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A 39-year-old woman presented with recurrent bouts of right upper quadrant pain. Radiographic studies revealed gallbladder stones. A cholecystectomy was performed. A 9.0 cm gallbladder was received containing multiple stones measuring up to 0.5 cm. The wall was diffusely thickened without masses. An immunostain for tryptase was positive in the majority of cells.
Archive Case and Diagnosis:
This case first appeared as Performance Improvement Program in Surgical Pathology (PIP) 2006, Case 6 and is a Mastocytosis.
Criteria for Diagnosis and Comments:
This is a case of mastocytosis involving the gallbladder. The gallbladder is diffusely infiltrated by round to oval cells with small to medium sized centrally located oval nuclei. Most cells have abundant cytoplasm filled with fine granules. The mast cells in this case are tryptase(+), CD117(+), CD2(+) and CD25(+).
In most cases, neoplastic mast cells are accompanied by eosinophils. Rare cells show high N/C ratio and blast-like morphology may be present. Tryptase and CD117 are expressed in normal and abnormal mast cells whereas CD2 and CD25 are only expressed in systemic mastocytosis. The use of these markers is the best way to confirm the presence of mastocytosis. Systemic mastocytosis typically involves the skin, bone, lymph nodes and parenchymal organs.
Most variants of mastocytosis are clonal disorders with a range of behavior from indolent to aggressive. WHO recognizes the following subtypes; cutaneous mastocytosis, indolent systemic mastocytosis, systemic mastocytosis with an associated clonal hematologic non mast cell lineage disease, aggressive systemic mastocytosis, mast cell leukemia, mast cell sarcoma, and extracutaneous mastocytoma.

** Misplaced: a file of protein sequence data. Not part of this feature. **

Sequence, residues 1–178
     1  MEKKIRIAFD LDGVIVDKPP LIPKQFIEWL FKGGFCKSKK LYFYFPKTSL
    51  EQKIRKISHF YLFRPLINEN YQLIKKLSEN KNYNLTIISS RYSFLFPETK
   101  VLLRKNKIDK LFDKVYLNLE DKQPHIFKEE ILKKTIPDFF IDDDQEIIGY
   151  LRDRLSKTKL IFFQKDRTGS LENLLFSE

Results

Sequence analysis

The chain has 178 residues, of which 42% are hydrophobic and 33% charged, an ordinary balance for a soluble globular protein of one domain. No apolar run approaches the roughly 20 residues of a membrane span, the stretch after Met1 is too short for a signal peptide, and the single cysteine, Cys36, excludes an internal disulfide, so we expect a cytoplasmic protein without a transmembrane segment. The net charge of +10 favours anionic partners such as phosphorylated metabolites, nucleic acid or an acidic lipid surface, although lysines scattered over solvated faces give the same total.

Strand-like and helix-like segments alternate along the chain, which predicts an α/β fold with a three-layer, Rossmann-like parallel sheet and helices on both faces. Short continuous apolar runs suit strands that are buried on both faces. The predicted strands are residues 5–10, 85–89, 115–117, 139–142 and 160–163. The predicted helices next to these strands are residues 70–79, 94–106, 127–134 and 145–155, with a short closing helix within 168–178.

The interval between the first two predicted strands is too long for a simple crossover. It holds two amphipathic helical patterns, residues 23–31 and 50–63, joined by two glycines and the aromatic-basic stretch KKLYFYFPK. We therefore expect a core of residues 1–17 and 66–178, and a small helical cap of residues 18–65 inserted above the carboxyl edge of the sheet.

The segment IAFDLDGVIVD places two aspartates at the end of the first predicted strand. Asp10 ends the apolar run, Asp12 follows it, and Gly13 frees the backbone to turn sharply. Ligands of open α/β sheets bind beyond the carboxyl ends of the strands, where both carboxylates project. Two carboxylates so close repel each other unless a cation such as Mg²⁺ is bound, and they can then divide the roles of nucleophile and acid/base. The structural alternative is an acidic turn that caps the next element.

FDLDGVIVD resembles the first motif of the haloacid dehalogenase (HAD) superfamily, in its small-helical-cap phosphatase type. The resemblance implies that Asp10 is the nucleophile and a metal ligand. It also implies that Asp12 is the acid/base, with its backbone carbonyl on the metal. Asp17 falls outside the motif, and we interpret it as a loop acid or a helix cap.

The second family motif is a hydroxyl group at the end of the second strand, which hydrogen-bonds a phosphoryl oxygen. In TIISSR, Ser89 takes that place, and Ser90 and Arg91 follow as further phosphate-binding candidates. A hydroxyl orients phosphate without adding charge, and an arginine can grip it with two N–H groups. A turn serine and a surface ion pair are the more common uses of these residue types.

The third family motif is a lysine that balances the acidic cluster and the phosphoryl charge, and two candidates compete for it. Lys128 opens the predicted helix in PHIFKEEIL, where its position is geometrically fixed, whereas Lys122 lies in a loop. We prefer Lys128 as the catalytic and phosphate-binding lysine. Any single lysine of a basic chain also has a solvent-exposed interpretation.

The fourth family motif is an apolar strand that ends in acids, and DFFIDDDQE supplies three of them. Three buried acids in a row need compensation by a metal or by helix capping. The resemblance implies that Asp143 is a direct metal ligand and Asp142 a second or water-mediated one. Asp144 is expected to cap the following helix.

Involvement of gastrointestinal organs has been reported in 40-80% of patients with systemic mastocytosis. Studies have reported liver involvement in 12-83% with a mean of 48% of cases. Hepatomegaly has been reported as the initial manifestation of systemic mastocytosis. The percentage of cases involving the liver increases with disease aggressiveness. Involvement of the gallbladder is rare, although there are reports of systemic mastocytosis presenting as sclerosing cholangitis.
The differential diagnosis is primarily with infiltrative, infectious and inflammatory conditions. Xanthogranulomatous cholecystitis may present as a mass but could be diffuse. The lesion is often tumefactive with fistula formation. Histologically, there is diffuse infiltration by foamy histiocytes with lymphocytes and plasma cells. Multinucleated giant cells may be seen.
Eosinophilic cholecystitis may be diagnosed when there is massive infiltration of the gallbladder by eosinophils. Eosinophilic infiltrates may be seen in association with acute and chronic cholecystitis. Eosinophilic cholecystitis has been reported in association with an echinococcal cyst, but is also seen with hypereosinophilic syndrome and eosinophilic gastroenteritis. If numerous eosinophils are present, a tryptase stain may be helpful, as mast cells can be cytologically subtle, blending with other mononuclear inflammatory cells.
Atypical mycobacterial infection may show diffuse infiltration of the gallbladder by histiocytes particularly in immunocompromised individuals. This diagnosis may be confirmed with an acid-fast stain. Whipple disease may show a similar pattern of involvement with diffuse infiltration by foamy histiocytes. PAS stain is brightly positive in these cells. PCR testing for Tropheryma whippelii may also be performed to confirm the diagnosis of Whipple disease.
Langerhan cell histiocytosis may involve the gallbladder as nodules or diffusely. Confirmation of this disease may be done with immunostains for S100 protein and CD1a and by electron microscopic identification of Birbeck granules.